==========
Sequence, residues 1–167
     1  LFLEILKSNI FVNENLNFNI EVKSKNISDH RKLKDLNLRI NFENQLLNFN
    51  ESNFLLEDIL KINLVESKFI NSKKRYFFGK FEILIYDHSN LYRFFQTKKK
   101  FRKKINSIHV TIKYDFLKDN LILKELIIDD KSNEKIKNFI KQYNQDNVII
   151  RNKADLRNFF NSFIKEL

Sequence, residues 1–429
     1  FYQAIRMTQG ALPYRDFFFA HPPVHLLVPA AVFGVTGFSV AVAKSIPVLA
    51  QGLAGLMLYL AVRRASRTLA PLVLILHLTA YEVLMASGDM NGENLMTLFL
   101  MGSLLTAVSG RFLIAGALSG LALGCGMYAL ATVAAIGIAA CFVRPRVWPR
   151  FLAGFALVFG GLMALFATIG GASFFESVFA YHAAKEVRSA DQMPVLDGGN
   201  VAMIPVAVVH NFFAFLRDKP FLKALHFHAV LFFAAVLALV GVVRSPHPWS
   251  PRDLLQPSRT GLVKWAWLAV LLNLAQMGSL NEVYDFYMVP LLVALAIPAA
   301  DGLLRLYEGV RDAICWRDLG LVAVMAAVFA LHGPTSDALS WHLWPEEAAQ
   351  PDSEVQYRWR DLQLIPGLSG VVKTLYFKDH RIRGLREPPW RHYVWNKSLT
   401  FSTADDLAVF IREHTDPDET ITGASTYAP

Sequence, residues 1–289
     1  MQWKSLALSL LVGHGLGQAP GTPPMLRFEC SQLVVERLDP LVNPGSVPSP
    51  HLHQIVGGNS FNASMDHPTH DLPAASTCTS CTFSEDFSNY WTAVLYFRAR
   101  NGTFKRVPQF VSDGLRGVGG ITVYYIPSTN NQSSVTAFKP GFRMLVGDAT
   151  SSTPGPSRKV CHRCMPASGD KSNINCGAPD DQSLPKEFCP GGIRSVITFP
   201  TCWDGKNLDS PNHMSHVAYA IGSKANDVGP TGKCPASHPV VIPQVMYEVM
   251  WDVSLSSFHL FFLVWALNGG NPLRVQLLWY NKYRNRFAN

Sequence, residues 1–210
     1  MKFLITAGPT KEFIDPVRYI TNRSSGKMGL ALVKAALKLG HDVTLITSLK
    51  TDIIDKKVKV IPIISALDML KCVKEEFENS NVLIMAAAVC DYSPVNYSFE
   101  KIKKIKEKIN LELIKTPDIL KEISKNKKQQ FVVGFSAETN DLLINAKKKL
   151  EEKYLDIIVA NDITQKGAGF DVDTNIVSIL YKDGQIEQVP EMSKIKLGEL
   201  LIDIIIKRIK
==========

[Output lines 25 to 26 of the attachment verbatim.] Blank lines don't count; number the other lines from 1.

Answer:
    51  TDIIDKKVKV IPIISALDML KCVKEEFENS NVLIMAAAVC DYSPVNYSFE
   101  KIKKIKEKIN LELIKTPDIL KEISKNKKQQ FVVGFSAETN DLLINAKKKL